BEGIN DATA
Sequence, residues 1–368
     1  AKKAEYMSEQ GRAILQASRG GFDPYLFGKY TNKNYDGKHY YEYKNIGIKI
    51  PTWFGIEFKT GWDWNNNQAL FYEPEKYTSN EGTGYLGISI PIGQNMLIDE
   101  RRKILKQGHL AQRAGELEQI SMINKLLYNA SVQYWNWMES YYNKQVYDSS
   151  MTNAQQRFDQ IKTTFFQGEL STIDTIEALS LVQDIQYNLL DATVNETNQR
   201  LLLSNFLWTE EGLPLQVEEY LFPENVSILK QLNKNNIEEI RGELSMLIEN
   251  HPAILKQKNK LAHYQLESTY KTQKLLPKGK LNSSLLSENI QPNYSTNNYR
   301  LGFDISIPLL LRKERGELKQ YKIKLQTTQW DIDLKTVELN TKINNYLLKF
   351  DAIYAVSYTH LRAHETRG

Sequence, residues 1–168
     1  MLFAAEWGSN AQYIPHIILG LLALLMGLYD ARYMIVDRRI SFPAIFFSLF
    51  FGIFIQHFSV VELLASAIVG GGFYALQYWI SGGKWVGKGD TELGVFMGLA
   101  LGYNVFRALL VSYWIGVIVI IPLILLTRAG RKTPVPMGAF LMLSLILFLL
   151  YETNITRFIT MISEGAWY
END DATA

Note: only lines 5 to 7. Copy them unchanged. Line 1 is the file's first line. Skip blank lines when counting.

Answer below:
   151  MTNAQQRFDQ IKTTFFQGEL STIDTIEALS LVQDIQYNLL DATVNETNQR
   201  LLLSNFLWTE EGLPLQVEEY LFPENVSILK QLNKNNIEEI RGELSMLIEN
   251  HPAILKQKNK LAHYQLESTY KTQKLLPKGK LNSSLLSENI QPNYSTNNYR